Entertainment

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Pamflet: London femme zine returns

Pamflet, a self-described “London grrrl-culture zine”, launched its thirteenth issue this week, after a four-year hiatus. The zine’s creators, Anna-Marie Fitzgerald and Pheobe Frangoul, hosted a night of wine and chat at Soho’s The Trouble Club – all female member’s club / den of intellectual feminine iniquity, founded by the Evening Standard’s Joy Lo Dico – to celebrate the occasion. “We heard about The Trouble Club and came here for a drink,” said Anna-Marie. “We thought it sounded fun.” The...

Review – The Heart of Adrian Lovett

By Richard de Winter  @rgdewinter  @TLE Now it may have escaped your notice, gentle Reader, but there is a General Election imminent.  You could be forgiven for not knowing.  It’s not like the newspapers and news bulletins have been blathering on about nothing else for the last few weeks, or that social media have been filled with ever more offensive streams of invective.  Some of you may not even be aware that a worrying number of people seem to believe...

TLE meets…Andrew McNally

By Rob Foster How has your career in investment informed your belief in equity, and how did you come to write the book? I started to have these conversations with colleagues a couple of years ago, based on the premise that equity is the only way to access newly created wealth. The price of your house may go up & down, price of a gold bar may go up & down, if you own a bond it might pay interest,...

Is Poetry the new Comedy/Black/Slash/Whatever?

By Monkey Poet “What do you do?” “I'm a poet...” “I mean to put food on the table.” “I poet.” “....!!!!” I've had this conversation so many times over the last five years, I stopped counting at 'hundreds'. However, due to the current resurgence in Poetry's popularity, with John Cooper-Clarke doing Arenas, Tim Minchin's beat epic Storm, Kate Tempest on the cover of the New York Times, Holly McNish in the Guardian...no wonder the earthy colloquial response of “eff off!”...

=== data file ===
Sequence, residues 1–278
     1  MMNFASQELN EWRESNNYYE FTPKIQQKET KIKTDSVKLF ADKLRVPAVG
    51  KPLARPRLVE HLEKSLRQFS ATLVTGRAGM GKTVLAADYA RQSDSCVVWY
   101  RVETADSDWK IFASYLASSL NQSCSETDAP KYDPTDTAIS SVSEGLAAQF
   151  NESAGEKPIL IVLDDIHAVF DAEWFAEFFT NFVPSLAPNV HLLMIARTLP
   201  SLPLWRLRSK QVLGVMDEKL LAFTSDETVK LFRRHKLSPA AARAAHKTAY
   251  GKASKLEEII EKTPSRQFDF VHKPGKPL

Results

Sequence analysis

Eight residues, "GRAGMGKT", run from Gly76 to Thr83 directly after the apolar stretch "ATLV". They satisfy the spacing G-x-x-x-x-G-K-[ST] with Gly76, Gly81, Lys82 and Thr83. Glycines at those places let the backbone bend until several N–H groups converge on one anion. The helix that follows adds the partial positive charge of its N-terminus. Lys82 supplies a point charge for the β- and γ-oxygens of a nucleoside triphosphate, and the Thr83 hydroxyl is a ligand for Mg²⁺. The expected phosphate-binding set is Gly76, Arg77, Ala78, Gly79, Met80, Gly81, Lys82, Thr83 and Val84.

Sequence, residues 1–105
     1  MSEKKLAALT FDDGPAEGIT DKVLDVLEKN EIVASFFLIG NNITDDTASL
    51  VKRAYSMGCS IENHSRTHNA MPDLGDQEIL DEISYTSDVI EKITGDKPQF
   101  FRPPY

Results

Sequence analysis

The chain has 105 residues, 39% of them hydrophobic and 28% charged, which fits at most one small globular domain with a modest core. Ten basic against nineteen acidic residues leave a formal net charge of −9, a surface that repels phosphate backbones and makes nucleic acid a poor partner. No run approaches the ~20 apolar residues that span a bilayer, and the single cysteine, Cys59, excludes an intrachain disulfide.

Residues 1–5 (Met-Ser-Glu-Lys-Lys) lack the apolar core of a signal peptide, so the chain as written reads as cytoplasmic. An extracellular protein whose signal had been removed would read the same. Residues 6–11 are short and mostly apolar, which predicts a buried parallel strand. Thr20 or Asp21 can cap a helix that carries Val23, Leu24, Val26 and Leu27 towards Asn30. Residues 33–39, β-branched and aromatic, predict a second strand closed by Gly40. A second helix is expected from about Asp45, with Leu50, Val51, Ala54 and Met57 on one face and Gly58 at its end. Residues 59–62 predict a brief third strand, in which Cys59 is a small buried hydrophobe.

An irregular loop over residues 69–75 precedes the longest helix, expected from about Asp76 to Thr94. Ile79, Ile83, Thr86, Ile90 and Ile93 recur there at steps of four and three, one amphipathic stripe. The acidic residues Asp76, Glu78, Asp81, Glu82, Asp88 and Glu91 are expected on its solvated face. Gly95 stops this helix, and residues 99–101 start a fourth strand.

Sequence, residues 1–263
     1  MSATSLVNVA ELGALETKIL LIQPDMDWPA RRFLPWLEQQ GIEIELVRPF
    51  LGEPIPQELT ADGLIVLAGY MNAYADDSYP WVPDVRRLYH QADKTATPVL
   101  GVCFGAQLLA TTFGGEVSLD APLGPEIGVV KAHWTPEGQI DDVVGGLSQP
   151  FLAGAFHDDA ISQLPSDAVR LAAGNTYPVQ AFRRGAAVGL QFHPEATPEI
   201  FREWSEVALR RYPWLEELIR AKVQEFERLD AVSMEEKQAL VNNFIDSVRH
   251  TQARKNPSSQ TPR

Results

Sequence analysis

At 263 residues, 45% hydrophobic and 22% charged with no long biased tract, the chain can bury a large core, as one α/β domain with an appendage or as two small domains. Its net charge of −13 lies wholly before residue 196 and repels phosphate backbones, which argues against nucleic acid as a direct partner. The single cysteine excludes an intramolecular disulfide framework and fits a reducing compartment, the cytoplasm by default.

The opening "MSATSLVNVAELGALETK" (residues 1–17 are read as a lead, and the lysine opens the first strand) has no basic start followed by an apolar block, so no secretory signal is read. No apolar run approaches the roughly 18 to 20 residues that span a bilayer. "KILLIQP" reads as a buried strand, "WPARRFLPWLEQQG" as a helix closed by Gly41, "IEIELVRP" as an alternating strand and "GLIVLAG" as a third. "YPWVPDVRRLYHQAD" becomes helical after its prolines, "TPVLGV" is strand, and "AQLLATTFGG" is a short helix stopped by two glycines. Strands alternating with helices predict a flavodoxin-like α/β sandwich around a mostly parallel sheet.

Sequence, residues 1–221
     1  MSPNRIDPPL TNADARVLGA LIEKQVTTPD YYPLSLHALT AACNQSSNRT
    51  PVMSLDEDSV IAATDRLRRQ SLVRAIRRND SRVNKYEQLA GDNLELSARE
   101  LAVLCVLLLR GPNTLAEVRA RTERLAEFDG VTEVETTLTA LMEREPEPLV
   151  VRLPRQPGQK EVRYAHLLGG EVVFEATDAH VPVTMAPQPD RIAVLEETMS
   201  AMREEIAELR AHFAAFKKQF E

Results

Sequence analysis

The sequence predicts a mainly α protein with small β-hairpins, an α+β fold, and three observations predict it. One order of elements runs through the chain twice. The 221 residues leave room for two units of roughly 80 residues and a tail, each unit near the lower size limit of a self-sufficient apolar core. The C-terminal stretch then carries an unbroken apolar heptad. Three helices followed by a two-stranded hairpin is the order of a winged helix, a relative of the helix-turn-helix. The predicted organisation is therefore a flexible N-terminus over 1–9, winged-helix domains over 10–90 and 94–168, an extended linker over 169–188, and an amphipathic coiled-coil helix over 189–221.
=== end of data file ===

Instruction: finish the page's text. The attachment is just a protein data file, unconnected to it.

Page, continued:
The Feminist Library turns 40

Like all powerful, female forces of nature, London’s Feminist Library is just getting better with age. To celebrate its 40th year, here are some of the arts highlights from its programme. Women and Tattoos 25th April 2015 With the amazing discussion-starter “Why you should never, ever get a tattoo (but having a baby is fine)”, pop along to the Library to debate the contradictory nature of what society says women should and shouldn’t do with their bodies. Here’s something for...

London’s Outdoor Art

Not sure about you but we’re pretty excited about the weather we’ve been having recently, and it can be kind of hard to resist the urge to spend every spare moment reclining in the park with a tepid Red Stripe. But catching some of the recent rays doesn’t have to mean missing out on culture in our fair city. Check out these London art walks. SLAM Fridays The South London Art Map (SLAM to its friends) runs Friday art tours and...

Oppenheimer – Vaudeville Theatre

By Jack Peat, TLE Editor The irony of physics is that for many years it lacked what you might call a physical application. Most physicists were concerned with the trivial pursuit of understanding the fabric of the universe rather than applying their skills to something more practical, and thus their art was largely the preserve of laboratories and lecture halls. World War II changed all that. As fascist and socialist ideals mixed to create a melting pot of animosity in...

Record Review: The Griswolds – Be Impressive

By Alex Jones (@Alex_Jonze) Oh to live in Australia, the sun, the sea, the sand…the sun again. It must be a joyful existence, I mean even their rock bands are chirpy! Case in point is four piece pop rockers The Griswolds. The quartet from Sydney tackles some pretty heavy topics on their debut album “Be Impressive”, not that you’d know it from the musicianship. Every song is bathed in a glow of pop goodness. Opener “16 Years” describes the sensation...

New Track: Teal – ‘Klangfarbenmelodie’

By Declan Roberts (@DeclanMR) Kent-based duo Teal have returned with their first new track since last years' self-titled debut EP. 'Klangfarbenmelodie' features huge crescendo riffs and driving drum beats that sees the band taking their sound in an entirely new direction. Imagine the lovechild of Jon Hopkins and Giorgio Moroder in their early stages and you're somewhere close to 'Klangfarbenmelodie', popping and dropping in all the right places. Promising stuff indeed from the duo. I caught up with Rosa Loveridge-Green (drums) and...

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